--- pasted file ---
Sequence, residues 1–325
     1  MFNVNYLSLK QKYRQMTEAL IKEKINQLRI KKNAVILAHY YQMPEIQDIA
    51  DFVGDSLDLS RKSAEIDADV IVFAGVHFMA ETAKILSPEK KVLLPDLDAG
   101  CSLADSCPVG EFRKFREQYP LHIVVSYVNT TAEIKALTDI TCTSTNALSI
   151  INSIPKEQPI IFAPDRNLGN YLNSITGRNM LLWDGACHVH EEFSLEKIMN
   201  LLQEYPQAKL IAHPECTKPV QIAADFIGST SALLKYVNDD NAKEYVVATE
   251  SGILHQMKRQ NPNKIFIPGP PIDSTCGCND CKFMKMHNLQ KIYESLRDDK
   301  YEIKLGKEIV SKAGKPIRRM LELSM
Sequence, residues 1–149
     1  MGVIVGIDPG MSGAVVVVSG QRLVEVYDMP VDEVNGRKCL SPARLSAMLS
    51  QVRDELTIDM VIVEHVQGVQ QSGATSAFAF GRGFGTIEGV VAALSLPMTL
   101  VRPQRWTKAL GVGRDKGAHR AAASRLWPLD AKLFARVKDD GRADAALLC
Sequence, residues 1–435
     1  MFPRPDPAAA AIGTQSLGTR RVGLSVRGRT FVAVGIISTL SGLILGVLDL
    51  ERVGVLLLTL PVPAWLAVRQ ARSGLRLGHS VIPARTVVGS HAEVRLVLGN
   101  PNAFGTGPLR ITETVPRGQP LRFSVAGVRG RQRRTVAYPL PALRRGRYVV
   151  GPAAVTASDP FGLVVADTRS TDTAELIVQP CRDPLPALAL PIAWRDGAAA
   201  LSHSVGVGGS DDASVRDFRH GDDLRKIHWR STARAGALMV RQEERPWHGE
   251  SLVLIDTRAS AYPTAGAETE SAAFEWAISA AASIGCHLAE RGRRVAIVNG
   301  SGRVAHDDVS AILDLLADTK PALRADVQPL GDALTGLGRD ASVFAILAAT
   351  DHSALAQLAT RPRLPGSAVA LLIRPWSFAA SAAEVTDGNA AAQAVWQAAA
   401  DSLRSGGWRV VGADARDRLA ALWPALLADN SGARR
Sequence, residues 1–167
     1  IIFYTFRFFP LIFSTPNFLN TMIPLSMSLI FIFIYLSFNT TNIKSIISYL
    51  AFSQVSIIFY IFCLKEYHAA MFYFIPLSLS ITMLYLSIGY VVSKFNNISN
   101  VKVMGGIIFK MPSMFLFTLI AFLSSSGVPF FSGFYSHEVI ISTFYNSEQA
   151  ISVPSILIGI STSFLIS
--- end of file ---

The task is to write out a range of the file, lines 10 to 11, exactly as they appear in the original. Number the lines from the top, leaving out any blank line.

     1  MGVIVGIDPG MSGAVVVVSG QRLVEVYDMP VDEVNGRKCL SPARLSAMLS
    51  QVRDELTIDM VIVEHVQGVQ QSGATSAFAF GRGFGTIEGV VAALSLPMTL